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Call to Action: Ohio Residents! Urgent Need for Calls to Stop Anti-Broadband Bill

Urgent CALL TO ACTION for ALL OHIO RESIDENTS!

The Ohio Senate has inserted an amendment (AM4546-1) into the state budget bill that, if adopted, would ban almost all community and municipal broadband projects in the state.

We need everyone to make a quick phone call to their state senator to demand the amendment be removed immediately! A full vote on this is expected tomorrow, so you MUST make that phone call today or early tomorrow morning. It will take less than five minutes of your time.

Here is what you can say:

“Hi, I’m calling to ask Senator _________ to vote no on Amendment AM4546-1 that has been attached to the budget bill. This amendment would seriously harm efforts to get broadband service to rural residents of Ohio and is essentially a project killer amendment. If it is adopted, municipalities that have been contemplating bringing internet access to their communities would find it nearly impossible to do so. This amendment is nothing more than protectionism for big cable and phone companies and I object to it. We need more broadband service in this state, not less. Please ask the senator to reject this amendment.”

Contact information:

If you do not know who represents you, visit the Ohio Senate website and enter your address information and you will be given details.

Because time is short, please CALL your senator at the number below. Just ask the secretary to take a message for the senator and, if you need to know what to say, see the above sample script. Always be polite, professional, and persuasive and thank the secretary for their time. 

Ohio State Senators 

Antani, Niraj

Senator – 6-R

614-466-4538

 

Antonio, Nickie J.

Assistant Minority Leader – 23-D

614-466-5123

 

Blessing III, Louis W.

Senator – 8-R

614-466-8068

 

Brenner, Andrew O.

Senator – 19-R

614-466-8086

 

Cirino, Jerry

Senator – 18-R

614-644-7718

 

Craig, Hearcel

Assistant Minority Whip – 15-D

614-466-5131

 

Dolan, Matt

Senator – 24-R

614-466-8056

 

Fedor, Teresa

Senator – 11-D

614-466-5204

 

Gavarone, Theresa Charters

Senator – 2-R

614-466-8060

 

Hackett, Robert

Senator – 10-R

614-466-3780

 

Hoagland, Frank

Senator – 30-R

614-466-6508

 

Hottinger, Jay

President Pro Tempore – 31-R

614-466-5838

 

Huffman, Matt

President – 12-R

614-466-7584

 

Huffman, Stephen

Senator – 5-R

614-466-6247

 

Johnson, Terry A.

Senator – 14-R

614-466-8082

 

Kunze, Stephanie

Senator – 16-R

614-466-5981

 

Lang, George

Senator – 4-R

614-466-8072

 

Maharath, Tina

Minority Whip – 3-D

614-466-8064

 

Manning, Nathan

Senator – 13-R

614-644-7613

 

McColley, Robert

Majority Whip – 1-R

614-466-8150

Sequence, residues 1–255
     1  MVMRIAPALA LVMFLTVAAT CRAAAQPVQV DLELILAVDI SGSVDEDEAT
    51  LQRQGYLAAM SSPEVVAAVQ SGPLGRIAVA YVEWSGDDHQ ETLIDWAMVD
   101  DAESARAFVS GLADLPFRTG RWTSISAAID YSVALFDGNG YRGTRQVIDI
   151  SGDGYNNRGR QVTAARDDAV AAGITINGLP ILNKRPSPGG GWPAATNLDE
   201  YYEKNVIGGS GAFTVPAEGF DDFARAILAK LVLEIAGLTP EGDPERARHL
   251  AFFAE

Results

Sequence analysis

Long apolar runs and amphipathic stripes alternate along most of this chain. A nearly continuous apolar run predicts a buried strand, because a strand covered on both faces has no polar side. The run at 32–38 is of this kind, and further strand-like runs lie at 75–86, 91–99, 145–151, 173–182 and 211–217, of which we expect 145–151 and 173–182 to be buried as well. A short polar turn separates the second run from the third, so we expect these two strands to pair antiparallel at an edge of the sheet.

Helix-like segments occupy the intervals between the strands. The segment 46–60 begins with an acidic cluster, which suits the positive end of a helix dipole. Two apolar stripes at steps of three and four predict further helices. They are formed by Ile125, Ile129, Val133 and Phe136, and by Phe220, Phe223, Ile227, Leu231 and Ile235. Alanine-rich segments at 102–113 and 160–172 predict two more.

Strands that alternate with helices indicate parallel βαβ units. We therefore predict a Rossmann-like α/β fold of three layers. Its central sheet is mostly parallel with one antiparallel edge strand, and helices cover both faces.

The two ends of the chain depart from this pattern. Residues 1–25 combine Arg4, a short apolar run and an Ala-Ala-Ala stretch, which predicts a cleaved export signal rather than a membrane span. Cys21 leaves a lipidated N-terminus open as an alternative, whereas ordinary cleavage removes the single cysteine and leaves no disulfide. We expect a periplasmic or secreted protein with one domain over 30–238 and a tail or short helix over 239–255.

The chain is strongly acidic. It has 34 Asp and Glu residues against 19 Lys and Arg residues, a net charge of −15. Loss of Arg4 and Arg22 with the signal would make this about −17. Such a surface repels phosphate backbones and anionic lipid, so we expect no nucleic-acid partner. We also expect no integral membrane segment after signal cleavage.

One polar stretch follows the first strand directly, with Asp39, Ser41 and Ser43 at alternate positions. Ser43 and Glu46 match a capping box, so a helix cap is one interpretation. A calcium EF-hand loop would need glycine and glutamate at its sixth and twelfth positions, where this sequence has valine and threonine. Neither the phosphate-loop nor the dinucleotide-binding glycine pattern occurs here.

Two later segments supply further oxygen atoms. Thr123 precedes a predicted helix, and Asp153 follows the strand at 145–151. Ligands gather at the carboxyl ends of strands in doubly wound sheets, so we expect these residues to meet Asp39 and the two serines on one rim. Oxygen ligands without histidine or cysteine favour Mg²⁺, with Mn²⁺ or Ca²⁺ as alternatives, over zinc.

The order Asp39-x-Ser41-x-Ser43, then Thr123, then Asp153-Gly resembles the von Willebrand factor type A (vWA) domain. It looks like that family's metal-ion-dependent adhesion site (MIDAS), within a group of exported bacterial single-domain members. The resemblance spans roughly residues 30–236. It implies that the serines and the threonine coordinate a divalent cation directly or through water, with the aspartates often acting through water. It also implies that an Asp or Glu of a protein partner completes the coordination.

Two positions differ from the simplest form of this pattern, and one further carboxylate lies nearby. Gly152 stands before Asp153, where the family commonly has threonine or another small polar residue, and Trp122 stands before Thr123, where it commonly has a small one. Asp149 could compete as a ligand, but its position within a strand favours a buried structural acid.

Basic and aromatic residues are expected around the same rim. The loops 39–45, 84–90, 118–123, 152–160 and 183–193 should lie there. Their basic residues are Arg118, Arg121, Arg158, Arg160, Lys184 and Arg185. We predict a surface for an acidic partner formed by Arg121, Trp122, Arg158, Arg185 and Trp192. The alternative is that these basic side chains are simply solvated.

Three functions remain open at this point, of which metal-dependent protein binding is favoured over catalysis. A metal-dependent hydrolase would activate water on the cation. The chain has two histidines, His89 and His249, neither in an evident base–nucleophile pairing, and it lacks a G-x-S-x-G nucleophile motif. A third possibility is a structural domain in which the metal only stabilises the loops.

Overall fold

O’Brien, Sandra

Senator – 32-R

614-466-7182

 

Peterson, Bob

Senator – 17-R

614-466-8156

 

Reineke, William

Senator – 26-R

614-466-8049

 

Roegner, Kristina Daley

Senator – 27-R

614-466-4823

 

Romanchuk, Mark

Senator – 22-R

614-466-7505

 

Rulli, Michael

Senator – 33-R

614-466-8285

 

Schaffer, Tim

Senator – 20-R

614-466-8076

 

Schuring, Kirk

Majority Floor Leader – 29-R

614-466-0626

 

Sykes, Vernon

Senator – 28-D

614-466-7041

 

Thomas, Cecil

Senator – 9-D

614-466-5980

 

Williams, Sandra

Senator – 21-D

614-466-4857

 

Wilson, Steve

Senator – 7-R

614-466-9737

 

Yuko, Kenny

Minority Leader – 25-D

614-466-4583

Frontier Admits the DSL Service it Sells is Not High-Speed Broadband Service

Frontier Communications told a federal court judge last week that the DSL service it sells across much of its service area in New York State is not remotely “high-speed broadband service” and is not fit for purpose if New York’s Affordable Internet Law takes effect next week and requires Frontier to deliver at least 25/3 Mbps service to state residents.

“Simply put, Frontier New York’s DSL-based service is not a ‘high-speed broadband service’ within the meaning of the statute, and an unreasonable interpretation thereof could be read to mandate the massive efforts and expenditures that would be required to provide the high-speed service standards set forth in the [Affordable Internet] Statute,” Frontier wrote in a filing with the court.

New York’s Affordable Internet Law, now being challenged in federal court, would require internet service providers to deliver at least 25 Mbps broadband service for $15/month to low-income state residents.

Frontier fears that if that new law takes effect, it could face mandatory investments in the tens of millions to upgrade its dilapidated copper wire network across most of its service areas in New York. Frontier told the judge it cannot provide reliable service over its copper wire facilities even at 15 Mbps, and many addresses recently added to Frontier’s internet service area are only getting service at 10 Mbps.